Peru Current


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Peru Current

[pə′rü ′kə·rənt]
(oceanography)
The cold ocean current flowing north along the coasts of Chile and Peru. Also known as Humboldt Current.
McGraw-Hill Dictionary of Scientific & Technical Terms, 6E, Copyright © 2003 by The McGraw-Hill Companies, Inc.
The following article is from The Great Soviet Encyclopedia (1979). It might be outdated or ideologically biased.

Peru Current

 

a system of ocean currents in the southeastern Pacific Ocean. It consists of the Peru oceanic and Peru coastal currents, which flow northward, and the Peru and Peru-Chile countercurrents, which move southward. The Peru

Oceanic Current, also called the Humboldt Current, is a wide, slow (speeds to 20 cm per sec) stream carrying the relatively cold (15°-20°C) waters of the temperate latitudes from the West Wind Drift to the equator. The current transports 15,000,000-20,000,000 cu m of water per sec. Together with the Peru Coastal Current it forms the South Equatorial Current.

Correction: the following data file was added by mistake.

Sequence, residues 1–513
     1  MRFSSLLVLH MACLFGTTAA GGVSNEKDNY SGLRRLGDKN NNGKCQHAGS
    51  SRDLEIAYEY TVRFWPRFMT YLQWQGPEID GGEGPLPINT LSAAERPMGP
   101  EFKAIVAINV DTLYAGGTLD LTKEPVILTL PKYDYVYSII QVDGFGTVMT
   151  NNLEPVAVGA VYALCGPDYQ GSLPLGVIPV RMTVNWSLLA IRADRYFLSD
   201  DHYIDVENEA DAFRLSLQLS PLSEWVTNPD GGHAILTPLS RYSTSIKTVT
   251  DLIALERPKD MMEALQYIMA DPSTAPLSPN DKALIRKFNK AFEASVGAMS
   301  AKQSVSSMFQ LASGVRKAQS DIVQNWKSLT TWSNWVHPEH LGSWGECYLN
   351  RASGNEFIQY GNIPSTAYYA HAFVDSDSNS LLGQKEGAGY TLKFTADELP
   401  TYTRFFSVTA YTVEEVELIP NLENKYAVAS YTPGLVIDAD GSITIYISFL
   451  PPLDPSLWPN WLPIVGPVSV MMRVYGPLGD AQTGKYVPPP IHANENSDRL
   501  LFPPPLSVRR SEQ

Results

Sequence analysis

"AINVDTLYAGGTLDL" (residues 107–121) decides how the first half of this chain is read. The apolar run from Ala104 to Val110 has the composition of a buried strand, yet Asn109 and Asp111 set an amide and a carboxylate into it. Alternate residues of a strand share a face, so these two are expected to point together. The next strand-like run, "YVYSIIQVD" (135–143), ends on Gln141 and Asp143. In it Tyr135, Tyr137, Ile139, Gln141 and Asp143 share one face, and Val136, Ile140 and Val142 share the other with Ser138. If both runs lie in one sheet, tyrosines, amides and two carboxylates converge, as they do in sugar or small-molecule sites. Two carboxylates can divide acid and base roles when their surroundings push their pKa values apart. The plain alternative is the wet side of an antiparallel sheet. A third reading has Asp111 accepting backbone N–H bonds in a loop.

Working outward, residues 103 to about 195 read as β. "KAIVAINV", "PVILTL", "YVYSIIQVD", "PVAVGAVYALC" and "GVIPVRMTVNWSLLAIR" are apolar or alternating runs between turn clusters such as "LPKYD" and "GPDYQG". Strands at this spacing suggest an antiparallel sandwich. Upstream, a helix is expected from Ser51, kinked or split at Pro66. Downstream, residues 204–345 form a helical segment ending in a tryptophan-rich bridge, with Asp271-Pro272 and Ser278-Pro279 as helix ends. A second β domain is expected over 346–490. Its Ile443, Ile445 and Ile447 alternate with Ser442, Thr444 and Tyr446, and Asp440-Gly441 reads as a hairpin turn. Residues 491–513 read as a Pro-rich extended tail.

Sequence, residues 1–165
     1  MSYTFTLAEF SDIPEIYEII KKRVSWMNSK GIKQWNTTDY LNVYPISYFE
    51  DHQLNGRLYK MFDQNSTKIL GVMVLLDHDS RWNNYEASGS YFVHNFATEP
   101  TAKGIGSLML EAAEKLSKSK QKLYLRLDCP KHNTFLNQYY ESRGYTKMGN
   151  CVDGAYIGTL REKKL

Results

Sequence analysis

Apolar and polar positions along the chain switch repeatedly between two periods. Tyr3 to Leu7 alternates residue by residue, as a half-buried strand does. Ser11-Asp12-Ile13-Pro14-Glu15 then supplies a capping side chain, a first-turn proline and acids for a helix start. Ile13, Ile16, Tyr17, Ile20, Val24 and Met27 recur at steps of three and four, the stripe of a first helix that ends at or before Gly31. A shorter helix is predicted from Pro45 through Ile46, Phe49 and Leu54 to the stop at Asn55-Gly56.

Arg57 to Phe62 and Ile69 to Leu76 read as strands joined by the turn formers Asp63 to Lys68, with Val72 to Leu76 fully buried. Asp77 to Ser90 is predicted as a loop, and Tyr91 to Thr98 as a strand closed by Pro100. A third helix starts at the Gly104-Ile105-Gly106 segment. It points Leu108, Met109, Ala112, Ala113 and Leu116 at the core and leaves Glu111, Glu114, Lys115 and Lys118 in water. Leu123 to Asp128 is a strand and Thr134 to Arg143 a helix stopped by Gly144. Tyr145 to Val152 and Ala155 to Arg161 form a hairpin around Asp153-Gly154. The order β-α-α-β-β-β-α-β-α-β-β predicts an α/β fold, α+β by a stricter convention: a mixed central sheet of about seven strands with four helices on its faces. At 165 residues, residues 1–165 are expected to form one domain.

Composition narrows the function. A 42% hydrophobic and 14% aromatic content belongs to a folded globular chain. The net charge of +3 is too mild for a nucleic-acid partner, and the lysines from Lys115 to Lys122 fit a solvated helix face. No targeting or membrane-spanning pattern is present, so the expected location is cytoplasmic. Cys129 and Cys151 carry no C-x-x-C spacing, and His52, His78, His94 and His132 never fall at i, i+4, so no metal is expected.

The Peru Countercurrent, which separates the Peru oceanic and coastal currents, flows southward from the equator along 80°W long. As it flows southward, its volume transport decreases from 10,000,000 cu m per sec at 5° S lat. to 2,000,000 cu m per sec at 22° S lat. The Peru-Chile Countercurrent (Gunther Current) is usually a subsurface current. It moves southward along the edge of the continental shelf under the Peru Coastal Current and carries the waters of the Cromwell Current. A combination of favorable conditions makes the Peru Current an area of exceptionally high biological productivity. An important factor is the action of the southeast trade winds, which cause deep-sea waters, rich in nutrient salts, to rise to the surface.

The Great Soviet Encyclopedia, 3rd Edition (1970-1979). © 2010 The Gale Group, Inc. All rights reserved.